The newspaper follows the problematic rape scenario with a piece of advice: “If you have to make the call, rather take them home than feel them up in the middle of the dance floor”. Then you can sexually assault someone in privacy, and without those pesky witnesses.

By publishing this rape apologia the newspaper has potentially silenced those survivors who doubt the validity of their own trauma, and the reality that they were in fact raped. They have shown those rape survivors exactly how society responds to their trauma: with nothing more than an “awkward breakfast”.

*not her real name.

This statement was written by Michelle Solomon on behalf of Rhodes University’s Gender Action Project (GAP) and Slutwalk Grahamstown. Solomon is the chair of GAP at Rhodes University, as well as the co-organiser of the 2012 Silent Protest and Slutwalk Grahamstown.

In addition, she is also the editor of Rhodes University student newspaper The Oppidan Press, a professional journalist and Masters candidate at the School of Journalism and Media Studies at Rhodes University.

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  • Please stop telling me how not to get raped
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    • CJ

      After actually having read the article in question, (which someone else provided the link to) I have to agree that this post smacks of mud-slinging. You never mentioned in the blog itself that you had contacted Activate on more than one occasion for a response. I have to wonder why you didn’t think that was important to mention?

      I agree that self-regulation may in fact save us from a Media Appeals Tribunal etc, however, isn’t a right of reply still valid in this senario?

      Is this really the best we can do regarding self-regulation? For instance, I wonder if it was really necessary to mention Activate specifically, which is a student newspaper, and in effect a training ground for young journalists, some of whom are first year students. Why not also look to the way gender and gender-based violence is represented in national publications – which let’s be honest – has a wider reach and impact than a tiny student newspaper.

      I agree with you on the issues. How you’ve gone about it is where I have a problem. The problems you outline in your post are wider issues and they should have been treated as such.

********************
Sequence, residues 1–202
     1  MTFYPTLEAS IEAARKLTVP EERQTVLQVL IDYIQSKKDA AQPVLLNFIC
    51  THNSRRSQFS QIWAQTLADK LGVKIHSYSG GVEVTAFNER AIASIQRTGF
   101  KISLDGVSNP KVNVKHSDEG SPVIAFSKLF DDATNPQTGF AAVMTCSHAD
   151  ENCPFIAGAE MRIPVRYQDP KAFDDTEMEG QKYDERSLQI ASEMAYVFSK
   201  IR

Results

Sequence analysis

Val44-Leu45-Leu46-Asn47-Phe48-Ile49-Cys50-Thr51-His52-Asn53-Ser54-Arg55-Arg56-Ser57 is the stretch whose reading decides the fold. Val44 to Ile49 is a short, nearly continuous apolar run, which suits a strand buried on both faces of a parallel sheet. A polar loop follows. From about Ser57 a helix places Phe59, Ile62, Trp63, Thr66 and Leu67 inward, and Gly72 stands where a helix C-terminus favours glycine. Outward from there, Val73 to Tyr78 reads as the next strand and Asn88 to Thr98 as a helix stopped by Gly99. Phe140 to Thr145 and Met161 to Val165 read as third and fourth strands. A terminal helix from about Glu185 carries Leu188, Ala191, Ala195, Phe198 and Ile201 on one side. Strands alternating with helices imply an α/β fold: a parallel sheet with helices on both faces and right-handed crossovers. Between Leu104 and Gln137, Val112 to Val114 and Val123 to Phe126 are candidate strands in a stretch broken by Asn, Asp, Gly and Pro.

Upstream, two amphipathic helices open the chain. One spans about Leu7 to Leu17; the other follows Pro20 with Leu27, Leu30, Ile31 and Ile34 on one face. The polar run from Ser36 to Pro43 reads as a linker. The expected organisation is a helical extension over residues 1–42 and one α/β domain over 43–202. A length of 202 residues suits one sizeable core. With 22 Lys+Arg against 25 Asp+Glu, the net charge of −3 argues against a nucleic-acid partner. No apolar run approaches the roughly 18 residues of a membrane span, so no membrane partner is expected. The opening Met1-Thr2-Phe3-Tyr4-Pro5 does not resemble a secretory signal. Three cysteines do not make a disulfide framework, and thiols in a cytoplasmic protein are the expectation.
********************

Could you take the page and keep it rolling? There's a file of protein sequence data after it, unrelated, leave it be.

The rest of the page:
• Max

      This article is pure slander, it is trivialising the term ‘ rape’ and demeaning it and the power of the word. Solomon has used a variety of out of context quotes to attack her rival newspaper. May it be notes that the Activate article was written by a women. In addition the Activate Editor was only given a few hours to respond to this article.

      Solomon is attempting to draw attention to The Oppidan Press in an unethical manner which is not only inflamatory but is considerably more ‘rape denialist’ than the original article.

      Activate was simply rasing awareness as to the fact that people can make bad decisions while under the influence. First year students need to be aware of the nature of decisions made under the influence.

      Solomon has crossed the line, she is placing the name of Rhodes University into disrepute and demeaning the value of our Academic Degrees.

      in addition she has failed to proved the context for the article which is not avalible online. Nor does she provide any link to the full article or directions on how to acquire it.

      This article is pathetic and demonstrates that having an undergraduate and postgraduate degree does NOT imply social awareness nor any particular type of intelligence.

    • Loon

      Samantha Cook’s post: could not have put it more succinctly or articulately myself.I think she got down to the crux of it.

    • http://http:/walterpike.net Walter Pike

      I am shocked at some of the comments. Michelle’s point is absolutely correct. I understand the attempt at humour by Activate, but it’s not funny. Like Rush Lindbaugh is not funny.

      What Michelle describes as rape denialism is exactly that, the perpetrators are still rapists even if they didn’t hold a knife to thier targets throat. No amount of light hearted journalism can change that.

    • Graham

      My sister’s ex-boyfriend used the excuse when he cheated on her – “I was blind drunk and could not help myself”. Did not save the relationship…

      If you are prepared to get sloshed to the point of lapse in judgement, YOU have to deal with the consequences.

    • Rich

      @Robard – I agree with you on that. To detrmine the level of intoxication is difficult at times. In the case discussed in the article one cannot make sweeping proclamations as to what is and what is not. The level of intoxication is important as to whether consent is given or not. It is NOT a case of one glove fits all and that an important point missing from the article.

    • Rebecca Davis

      The need for commentary like Solomon’s piece in South Africa is all too starkly exposed by the comments on this thread, predictably. “Solomon is over-sensitive about the rape issue” – doesn’t that just say it all? Forget the inane sniping about whether Solomon being involved with another student newspaper constitutes a conflict of interests: the fact that there appear to be *many* commentators here denying that what the article describes (and indeed legitimises) amounts to rape CLEARLY shows that it was a piece worth writing. It is a thoroughly chilling indictment of social responses to gender issues that a writer who criticises what is essentially a rape apology is subjected to the kind of attacks on this comment thread! And the argument that it is somehow “unfair” to critique student media is also bizarre – these publications aim for professionalism and have large, impressionable readerships. Thanks, Michelle.

    • Mandy

      What happens if both parties were “blind drunk” and both had WTF moments when they woke up the following day?

    • http://www.collegefootprint.ragireland.ie/free-sex/ Keeley

      The first three months Bollywood suffered a loss of around Rs 200 crore.
      Imagine doing the same ole positions and same ole routine%u2026night after night. She arrived at her destination, and discovered it was in an industrial area, and the office was in fact a real estate office.